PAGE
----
For instance, plenty of colleges provide training to prestigious companies, both UK and foreign owned; but my impression, and I’m not alone in this, is that those links are barely publicised. More broadly, it seems to me that where university vice chancellors have become much less reticent in recent years when it comes to promoting their institutions, college principals are still erring too much on the side of modesty.
Look across the Atlantic, where American institutions are quick to trumpet their successes as agents of economic growth and social progress. That is one way in which they justify the public money they receive. I’m not suggesting you all adopt a ‘Mad Men’ hard sell, but many of you have a great story to share.
Remember, too, that performance in colleges has improved year on year for the last 3 years, with two thirds of colleges now rated either good or outstanding. FE cannot rest on its laurels. The Education and Training Foundation is there to help institutions that need it, and the FE Commissioner is on hand to tackle failure. But equally, we should be showcasing all that is positive and progressive to get more colleges delivering at the standard of the best.
One area obviously ripe for innovation is in the use of learning technologies, and, again; it’s certainly true that parts of the sector are doing interesting things; more so, arguably, than in HE.
Last year, the Jisc Innovation through Technology programme funded projects at various institutions, such as Henshaws College in Harrogate, which is making common applications like YouTube and leading email platforms readily accessible to learners with disabilities.
Jisc is running the programme again this year, with an emphasis on overcoming barriers to the adoption of technology in the sector. It is a relevant point, for what’s needed isn’t simply the take-up of brand new applications but greater awareness of existing technologies. College staff need time and support to learn how to use them properly, which is surely as important to any institution’s long-term planning as the introduction of something new.
With a more broader remit, the Learning Technology Action Group, FELTAG, is looking at how to ensure the regulatory and funding systems fully support the adoption of new methods, provide decent training in their use and improve connectivity across the FE estate. FELTAG has posted its initial recommendations for online discussion.
Additional investment in broadband
It is also the case that genuine progress on technological capability requires broadband infrastructure that is fit for purpose. Research conducted by AoC, Jisc and BIS has found that many colleges currently have problems; not so much with insufficient bandwidth, but with the resilience of their broadband connections.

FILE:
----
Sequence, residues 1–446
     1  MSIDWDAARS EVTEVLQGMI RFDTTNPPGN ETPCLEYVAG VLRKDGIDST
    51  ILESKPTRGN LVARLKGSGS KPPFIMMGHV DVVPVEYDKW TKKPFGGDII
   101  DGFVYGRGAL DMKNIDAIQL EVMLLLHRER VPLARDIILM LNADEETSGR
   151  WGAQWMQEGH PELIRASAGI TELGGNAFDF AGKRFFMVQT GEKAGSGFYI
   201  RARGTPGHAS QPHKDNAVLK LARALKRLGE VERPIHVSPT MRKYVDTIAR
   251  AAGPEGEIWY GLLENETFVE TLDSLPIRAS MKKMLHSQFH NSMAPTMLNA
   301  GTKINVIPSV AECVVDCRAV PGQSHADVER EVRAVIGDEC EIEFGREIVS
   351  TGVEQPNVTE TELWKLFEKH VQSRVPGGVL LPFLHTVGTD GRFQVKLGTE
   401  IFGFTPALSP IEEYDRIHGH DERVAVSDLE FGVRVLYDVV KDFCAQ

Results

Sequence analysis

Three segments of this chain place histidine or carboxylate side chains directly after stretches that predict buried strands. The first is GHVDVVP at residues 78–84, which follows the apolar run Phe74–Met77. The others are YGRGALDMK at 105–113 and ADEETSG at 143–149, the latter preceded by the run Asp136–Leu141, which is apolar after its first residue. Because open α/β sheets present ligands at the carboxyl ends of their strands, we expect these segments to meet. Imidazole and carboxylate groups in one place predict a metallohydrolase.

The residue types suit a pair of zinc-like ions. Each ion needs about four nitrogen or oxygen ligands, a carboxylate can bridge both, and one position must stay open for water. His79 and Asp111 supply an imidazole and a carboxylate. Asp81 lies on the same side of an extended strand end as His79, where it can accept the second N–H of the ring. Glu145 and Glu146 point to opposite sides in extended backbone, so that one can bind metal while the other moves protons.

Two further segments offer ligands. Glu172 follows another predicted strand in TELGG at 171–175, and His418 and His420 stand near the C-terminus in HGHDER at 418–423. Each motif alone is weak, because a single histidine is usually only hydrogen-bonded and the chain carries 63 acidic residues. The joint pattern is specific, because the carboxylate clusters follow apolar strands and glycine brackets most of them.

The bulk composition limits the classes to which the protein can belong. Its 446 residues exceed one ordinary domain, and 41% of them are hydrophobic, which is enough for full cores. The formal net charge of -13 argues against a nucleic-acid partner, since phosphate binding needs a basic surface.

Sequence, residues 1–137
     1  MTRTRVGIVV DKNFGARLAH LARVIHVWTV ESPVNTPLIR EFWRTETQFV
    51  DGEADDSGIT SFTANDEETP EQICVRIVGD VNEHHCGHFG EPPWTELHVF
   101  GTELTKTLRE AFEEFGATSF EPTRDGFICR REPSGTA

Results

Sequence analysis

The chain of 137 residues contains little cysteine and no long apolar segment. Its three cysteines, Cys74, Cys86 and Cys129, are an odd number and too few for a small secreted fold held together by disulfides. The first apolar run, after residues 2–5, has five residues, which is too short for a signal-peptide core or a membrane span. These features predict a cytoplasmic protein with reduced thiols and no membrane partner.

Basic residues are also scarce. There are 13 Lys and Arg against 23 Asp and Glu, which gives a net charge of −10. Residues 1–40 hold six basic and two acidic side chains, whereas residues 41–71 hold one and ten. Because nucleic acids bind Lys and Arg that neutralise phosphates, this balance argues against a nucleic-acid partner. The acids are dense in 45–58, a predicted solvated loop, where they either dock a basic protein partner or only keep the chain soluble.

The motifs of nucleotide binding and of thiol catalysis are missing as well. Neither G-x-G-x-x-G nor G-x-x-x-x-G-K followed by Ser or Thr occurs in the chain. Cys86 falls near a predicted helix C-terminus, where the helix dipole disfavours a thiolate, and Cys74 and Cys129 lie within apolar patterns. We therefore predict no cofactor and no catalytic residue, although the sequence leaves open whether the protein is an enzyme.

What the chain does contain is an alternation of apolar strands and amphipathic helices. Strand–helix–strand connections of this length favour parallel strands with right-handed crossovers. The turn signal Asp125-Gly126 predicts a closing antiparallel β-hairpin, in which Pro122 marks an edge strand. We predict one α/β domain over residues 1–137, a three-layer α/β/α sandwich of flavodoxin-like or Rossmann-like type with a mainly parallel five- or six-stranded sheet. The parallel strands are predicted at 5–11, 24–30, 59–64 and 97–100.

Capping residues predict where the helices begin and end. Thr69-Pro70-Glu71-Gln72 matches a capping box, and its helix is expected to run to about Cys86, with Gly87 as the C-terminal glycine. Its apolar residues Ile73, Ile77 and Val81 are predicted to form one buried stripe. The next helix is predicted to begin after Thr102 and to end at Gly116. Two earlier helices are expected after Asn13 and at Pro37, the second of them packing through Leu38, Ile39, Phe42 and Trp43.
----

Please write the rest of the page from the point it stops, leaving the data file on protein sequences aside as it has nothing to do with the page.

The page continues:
Which is why we have agreed to finance improvements to broadband in colleges. Matthew Hancock announced yesterday that BIS will fund colleges to install second broadband connections; should they wish to do so and are able to cover the running costs; and fund other institutions to maximise the effective use of existing provision, including upgrades to bandwidth.
We are currently finalising the detail with Jisc and the AoC and hope to launch the scheme before the end of the year.
To sum up, I am pleased with the direction in which the sector is clearly heading. Demand for apprenticeships continues to grow, with a third more online applications to the National Apprenticeship Service last year than the year before. In 2012 to 2013, the provisional figures show almost 3.25 million adult learners taking FE courses. And, as I happily acknowledged at the AoC’s HE in FE conference back in March, foundation degrees are proving extremely popular and successful.
We must continue to forge ahead. For instance, we need to work with colleges; and with universities and employers, to achieve further growth in high level apprenticeship numbers. It is part and parcel of creating genuine vocational pathways that take young people from subject choices at age 14 to full professional competence as adults.
In doing so, we can make vocational education truly valued in its own right; and forever banish that notion that it somehow serves to mop up people who don’t fancy an academic education; making something that is aspirational and competitive, as well as socially inclusive.
We often talk about what further education does to reach out to the disadvantaged and the vulnerable. This will always be important, always a justified source of pride for you. But I want vocational education to be attractive to everyone, to be seen as a route to professional success and an excellent preparation for life.
That, I believe, was the spirit of the IPPR report issued over the summer, which highlighted the importance of advanced vocational training to our economy and the role of the larger FE colleges in providing it. Higher education is not just about academic university degrees. It encompasses advanced vocational courses designed by employers, which are frequently delivered at an FE college and taken by students on an apprenticeship programme that might run all the way from HND level through to a Masters degree.
This isn’t about decrying academic learning. It is about making vocational education the peer of academic education, about having the two combine effectively to offer good opportunities for every prospective student.
I know that everyone in this room will want to join in making this happen.